Frequency and Temporal Profile of Poststroke Hyperglycemia Using Continuous Glucose Monitoring

  1. Louise Allport, FRACP12,
  2. Tracy Baird, MRCP12,
  3. Ken Butcher, FRCP(C), PHD12,
  4. Lachlan MacGregor, MMEDSC3,
  5. Jane Prosser, FRACP12,
  6. Peter Colman, MD, FRACP24 and
  7. Stephen Davis, MD, FRACP12
  1. 1Department of Neurology, Royal Melbourne Hospital, Parkville, Victoria, Australia
  2. 2Department of Medicine, University of Melbourne, Parkville, Victoria, Australia
  3. 3Department of Clinical Epidemiology, Royal Melbourne Hospital, Parkville, Victoria, Australia
  4. 4Department of Diabetes and Endocrinology, Royal Melbourne Hospital, Parkville, Victoria, Australia
  1. Address correspondence and reprint requests to Prof. Stephen Davis, Director of Neurology, Royal Melbourne Hospital, Parkville, Victoria 3050, Australia. E-mail: stephen.davis{at}


OBJECTIVE—Poststroke hyperglycemia (PSH) is common and has adverse effects on outcome. In this observational study, we aimed to describe the frequency and temporal profile of PSH using a continuous glucose monitoring system (CGMS) in patients with and without diabetes.

RESEARCH DESIGN AND METHODS—Fifty-nine patients with acute hemispheric ischemic stroke were prospectively studied with the CGMS, regardless of medication, admission plasma glucose value, and diabetes status. The CGMS records interstitial glucose every 5 min for 72 h.

RESULTS—On admission, 36% of patients had preexisting diabetes. At the earliest analyzed time point of 8 h from stroke onset, 50% of nondiabetic subjects and 100% of diabetic patients were hyperglycemic (≥7 mmol/l). This early-phase hyperglycemia was followed by a decrease in glucose 14–16 h poststroke when only 11% of nondiabetic and 27% of diabetic patients were hyperglycemic. A late hyperglycemic phase 48–88 h poststroke was observed in 27% of nondiabetic and 78% of diabetic patients. Thirty-four percent of nondiabetic and 86% of diabetic patients were hyperglycemic for at least a quarter of the monitoring period. Multivariate regression analysis demonstrated that diabetes, insular cortical ischemia, and increasing age independently predicted higher glucose values.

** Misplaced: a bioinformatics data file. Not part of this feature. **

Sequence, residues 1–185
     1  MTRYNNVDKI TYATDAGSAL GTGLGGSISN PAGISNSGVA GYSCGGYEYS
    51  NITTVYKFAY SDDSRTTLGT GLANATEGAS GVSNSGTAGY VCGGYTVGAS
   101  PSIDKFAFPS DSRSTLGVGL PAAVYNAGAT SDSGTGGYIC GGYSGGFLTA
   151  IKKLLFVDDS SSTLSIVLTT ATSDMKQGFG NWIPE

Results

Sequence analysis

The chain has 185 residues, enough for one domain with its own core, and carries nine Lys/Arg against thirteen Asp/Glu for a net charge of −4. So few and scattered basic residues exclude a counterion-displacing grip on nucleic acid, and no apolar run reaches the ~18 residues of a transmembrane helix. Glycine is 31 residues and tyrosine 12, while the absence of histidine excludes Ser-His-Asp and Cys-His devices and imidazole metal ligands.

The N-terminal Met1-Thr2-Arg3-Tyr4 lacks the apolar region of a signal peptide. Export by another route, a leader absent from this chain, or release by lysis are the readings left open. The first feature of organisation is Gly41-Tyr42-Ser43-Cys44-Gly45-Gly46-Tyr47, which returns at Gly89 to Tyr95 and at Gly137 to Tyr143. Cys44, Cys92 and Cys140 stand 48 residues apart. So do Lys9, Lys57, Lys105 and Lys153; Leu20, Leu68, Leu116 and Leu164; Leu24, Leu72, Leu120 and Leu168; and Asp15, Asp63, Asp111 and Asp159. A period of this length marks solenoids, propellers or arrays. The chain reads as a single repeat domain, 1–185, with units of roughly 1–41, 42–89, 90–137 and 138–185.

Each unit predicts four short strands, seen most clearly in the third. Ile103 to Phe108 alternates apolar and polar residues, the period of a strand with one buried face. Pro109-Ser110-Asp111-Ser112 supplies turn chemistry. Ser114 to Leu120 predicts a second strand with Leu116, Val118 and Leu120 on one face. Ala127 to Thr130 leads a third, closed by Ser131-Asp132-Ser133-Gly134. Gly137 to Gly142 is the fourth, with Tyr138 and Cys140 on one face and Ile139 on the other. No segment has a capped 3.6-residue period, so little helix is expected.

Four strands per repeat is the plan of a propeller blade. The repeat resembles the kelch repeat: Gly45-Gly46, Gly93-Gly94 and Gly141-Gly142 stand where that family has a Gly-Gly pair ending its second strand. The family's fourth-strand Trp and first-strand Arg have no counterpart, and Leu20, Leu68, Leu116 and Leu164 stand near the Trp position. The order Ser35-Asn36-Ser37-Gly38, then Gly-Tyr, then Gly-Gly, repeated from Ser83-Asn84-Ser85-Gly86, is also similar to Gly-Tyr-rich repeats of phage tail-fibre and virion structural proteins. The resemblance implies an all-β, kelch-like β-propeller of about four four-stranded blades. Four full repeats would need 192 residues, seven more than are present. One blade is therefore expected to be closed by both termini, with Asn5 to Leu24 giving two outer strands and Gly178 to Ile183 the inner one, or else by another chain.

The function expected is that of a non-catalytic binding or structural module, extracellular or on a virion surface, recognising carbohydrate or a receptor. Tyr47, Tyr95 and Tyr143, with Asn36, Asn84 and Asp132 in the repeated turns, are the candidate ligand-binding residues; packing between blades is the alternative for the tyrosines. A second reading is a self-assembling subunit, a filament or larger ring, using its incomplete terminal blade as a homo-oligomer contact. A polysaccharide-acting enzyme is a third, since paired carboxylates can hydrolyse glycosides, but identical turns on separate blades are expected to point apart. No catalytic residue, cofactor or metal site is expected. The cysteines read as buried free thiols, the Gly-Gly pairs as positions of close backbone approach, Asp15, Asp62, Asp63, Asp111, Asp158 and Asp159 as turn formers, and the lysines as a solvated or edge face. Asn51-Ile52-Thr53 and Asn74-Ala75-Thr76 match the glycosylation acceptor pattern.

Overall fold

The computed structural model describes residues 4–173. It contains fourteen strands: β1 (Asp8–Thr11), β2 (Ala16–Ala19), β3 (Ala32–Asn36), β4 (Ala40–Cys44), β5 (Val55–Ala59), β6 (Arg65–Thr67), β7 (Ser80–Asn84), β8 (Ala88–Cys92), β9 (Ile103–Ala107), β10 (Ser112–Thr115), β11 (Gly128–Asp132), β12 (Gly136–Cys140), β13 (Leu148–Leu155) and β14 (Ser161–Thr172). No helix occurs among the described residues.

CONCLUSIONS—Poststroke hyperglycemia is common and prolonged despite treatment based on current guidelines. There are early and late hyperglycemic phases in nondiabetic as well as diabetic patients. Treatment protocols with frequent glucose measurement and intensive glucose-lowering therapy for a minimum of 72 h poststroke need to be evaluated.


  • A table elsewhere in this issue shows conventional and Système International (SI) units and conversion factors for many substances.

    The costs of publication of this article were defrayed in part by the payment of page charges. This article must therefore be hereby marked “advertisement” in accordance with 18 U.S.C. Section 1734 solely to indicate this fact.

    • Accepted April 19, 2006.
    • Received January 25, 2006.
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